June 2020
Volume 61, Issue 7
ARVO Annual Meeting Abstract  |   June 2020
Goal Setting in Low Vision Rehabilitation
Author Affiliations & Notes
  • Theresa Marie Smith
    Occupational Therapy, Texas Woman's Universtiy, Houston, Texas, United States
  • Footnotes
    Commercial Relationships   Theresa Smith, None
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Investigative Ophthalmology & Visual Science June 2020, Vol.61, 1560. doi:
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      Theresa Marie Smith; Goal Setting in Low Vision Rehabilitation. Invest. Ophthalmol. Vis. Sci. 2020;61(7):1560.

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      © ARVO (1962-2015); The Authors (2016-present)

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Purpose : Goals are to be set in collaboration with patients who are motivated to work on goals they want to achieve. Goal setting by occupational therapists (OTs) involves more factors than patient aspirations. In addition to patient rehab potential, safety issues, cognitive abilities and insurance coverage, OTs must consider their practice domain, skill level, ethical standards and licensure laws. Goals must also be feasible, achievable and a priority. Determinates of goal setting are important with greater accountability for rehab expenditures. A study is needed on reasons OTs choose not to include a patient identified (PID) goal in patient plan of care (POC).

Methods : A survey research design was used. A survey was developed with 15 most likely reasons affecting OTs’ decision not to include a PID goal in POC. PID goals were determined using the Activity Inventory (AI). If a patient rated an activity as important and moderately difficulty to complete, it was considered a PID goal. AI items were divided into 4 categories of self-care (BADLs), instrumental activities of daily living (IADLs), social participation and leisure activities. Using AI results, treating OT decided whether to include a goal in patient POC. OTs were sent an individualized survey to choose reasons that led them to not include PID goals in POC. The surveys included only PID goals on the AI for which the individual OT did not include in POC.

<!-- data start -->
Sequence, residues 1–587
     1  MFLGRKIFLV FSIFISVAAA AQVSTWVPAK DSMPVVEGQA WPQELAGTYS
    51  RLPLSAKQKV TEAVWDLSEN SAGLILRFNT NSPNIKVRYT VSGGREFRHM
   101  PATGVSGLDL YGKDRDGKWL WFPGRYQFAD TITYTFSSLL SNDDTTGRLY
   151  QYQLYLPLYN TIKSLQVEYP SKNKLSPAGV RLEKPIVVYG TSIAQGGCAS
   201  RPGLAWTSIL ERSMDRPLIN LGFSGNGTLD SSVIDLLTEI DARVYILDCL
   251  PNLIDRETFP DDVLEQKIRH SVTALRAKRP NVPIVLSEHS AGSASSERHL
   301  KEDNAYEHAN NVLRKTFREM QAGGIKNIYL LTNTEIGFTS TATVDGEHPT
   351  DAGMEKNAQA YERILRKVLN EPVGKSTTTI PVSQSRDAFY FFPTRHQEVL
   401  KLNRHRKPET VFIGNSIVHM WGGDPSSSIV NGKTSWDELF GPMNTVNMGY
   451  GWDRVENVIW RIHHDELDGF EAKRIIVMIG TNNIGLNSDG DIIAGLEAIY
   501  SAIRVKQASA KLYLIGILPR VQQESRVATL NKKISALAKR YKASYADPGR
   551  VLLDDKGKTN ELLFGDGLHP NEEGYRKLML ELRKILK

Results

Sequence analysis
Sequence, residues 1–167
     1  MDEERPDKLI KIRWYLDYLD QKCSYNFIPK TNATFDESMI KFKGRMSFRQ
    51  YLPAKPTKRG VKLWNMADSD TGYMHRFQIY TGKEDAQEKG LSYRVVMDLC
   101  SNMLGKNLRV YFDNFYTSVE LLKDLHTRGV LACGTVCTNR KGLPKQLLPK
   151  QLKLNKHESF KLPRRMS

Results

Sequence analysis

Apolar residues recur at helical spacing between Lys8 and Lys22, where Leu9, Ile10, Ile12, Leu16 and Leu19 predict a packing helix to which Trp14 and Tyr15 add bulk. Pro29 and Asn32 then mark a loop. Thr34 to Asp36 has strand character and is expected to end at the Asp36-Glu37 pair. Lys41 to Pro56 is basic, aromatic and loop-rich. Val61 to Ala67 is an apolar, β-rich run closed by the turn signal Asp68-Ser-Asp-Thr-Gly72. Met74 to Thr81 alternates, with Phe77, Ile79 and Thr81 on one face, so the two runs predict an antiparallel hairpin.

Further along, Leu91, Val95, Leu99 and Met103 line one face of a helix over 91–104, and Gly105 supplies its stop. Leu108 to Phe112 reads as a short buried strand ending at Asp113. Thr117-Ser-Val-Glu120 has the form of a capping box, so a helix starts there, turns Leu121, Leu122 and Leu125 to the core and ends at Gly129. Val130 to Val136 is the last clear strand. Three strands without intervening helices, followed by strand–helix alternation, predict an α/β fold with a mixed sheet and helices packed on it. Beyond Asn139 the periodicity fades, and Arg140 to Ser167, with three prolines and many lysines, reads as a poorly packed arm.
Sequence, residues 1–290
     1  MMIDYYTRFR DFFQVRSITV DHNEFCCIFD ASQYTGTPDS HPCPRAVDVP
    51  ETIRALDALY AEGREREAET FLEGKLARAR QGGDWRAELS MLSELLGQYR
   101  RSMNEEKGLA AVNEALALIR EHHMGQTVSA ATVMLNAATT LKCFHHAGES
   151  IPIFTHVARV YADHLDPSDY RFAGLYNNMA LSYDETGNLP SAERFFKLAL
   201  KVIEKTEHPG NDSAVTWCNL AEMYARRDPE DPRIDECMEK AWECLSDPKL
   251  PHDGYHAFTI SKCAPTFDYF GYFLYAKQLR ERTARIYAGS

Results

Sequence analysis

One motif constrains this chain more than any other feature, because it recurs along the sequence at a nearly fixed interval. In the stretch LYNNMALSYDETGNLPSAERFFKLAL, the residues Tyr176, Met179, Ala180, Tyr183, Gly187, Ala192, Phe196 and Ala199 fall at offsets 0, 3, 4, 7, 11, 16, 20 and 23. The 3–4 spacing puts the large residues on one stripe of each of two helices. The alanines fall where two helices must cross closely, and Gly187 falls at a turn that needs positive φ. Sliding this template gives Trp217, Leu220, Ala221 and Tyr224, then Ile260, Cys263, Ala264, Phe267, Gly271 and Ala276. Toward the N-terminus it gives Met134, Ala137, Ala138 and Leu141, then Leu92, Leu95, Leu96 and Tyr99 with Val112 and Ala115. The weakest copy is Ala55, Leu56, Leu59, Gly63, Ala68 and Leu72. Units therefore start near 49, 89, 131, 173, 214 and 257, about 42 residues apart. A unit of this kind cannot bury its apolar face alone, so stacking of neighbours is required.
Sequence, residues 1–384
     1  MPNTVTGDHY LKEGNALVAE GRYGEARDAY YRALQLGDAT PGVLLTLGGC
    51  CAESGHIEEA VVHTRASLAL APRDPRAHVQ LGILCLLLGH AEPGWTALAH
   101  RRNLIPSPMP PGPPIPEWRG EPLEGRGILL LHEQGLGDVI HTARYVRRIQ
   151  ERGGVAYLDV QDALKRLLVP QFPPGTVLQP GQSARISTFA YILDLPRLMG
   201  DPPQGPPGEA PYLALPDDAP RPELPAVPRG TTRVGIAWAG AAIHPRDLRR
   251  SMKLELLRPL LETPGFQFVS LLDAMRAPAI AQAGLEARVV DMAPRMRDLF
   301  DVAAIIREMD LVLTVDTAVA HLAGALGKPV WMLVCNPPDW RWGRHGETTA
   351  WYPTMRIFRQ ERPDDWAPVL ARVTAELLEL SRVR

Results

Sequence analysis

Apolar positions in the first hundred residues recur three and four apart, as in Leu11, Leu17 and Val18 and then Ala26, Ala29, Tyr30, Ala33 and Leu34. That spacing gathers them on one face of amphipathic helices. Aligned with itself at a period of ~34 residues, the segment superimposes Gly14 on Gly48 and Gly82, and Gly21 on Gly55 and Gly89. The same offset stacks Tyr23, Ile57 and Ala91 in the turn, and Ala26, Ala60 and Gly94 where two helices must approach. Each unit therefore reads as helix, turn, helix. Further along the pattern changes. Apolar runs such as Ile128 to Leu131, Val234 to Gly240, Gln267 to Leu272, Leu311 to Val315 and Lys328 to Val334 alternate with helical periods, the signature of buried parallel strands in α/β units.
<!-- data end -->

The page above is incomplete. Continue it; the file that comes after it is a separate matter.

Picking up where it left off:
Results : Five OTs practicing in low vision rehabilitation completed the survey on 91 patients. The activity category most often not to have PID goals set was IADLs followed by leisure, BADLs and social participation. The most common reasons given to not include PID in POC are as follows: IADL goal wasn’t set because goals are not attainable or are unrealistic; leisure goals due to many other goals the patient wanted to work on; BADLs had 3 reasons tied of many other goals that the patient wanted to work on; goal judged not to be a priority; and patient has caregiver to perform task and patient choose not to address; and social participation was many other goals that the patient wanted to work on. The most common reason to not include a PID goal in patient POC was many other goals that the patient wanted to work on.

Conclusions : The level of value a patient puts on a singular goal may not be known from intake data. Goal setting and prioritizing requires OTs to limit number of goals in POC.

This is a 2020 ARVO Annual Meeting abstract.


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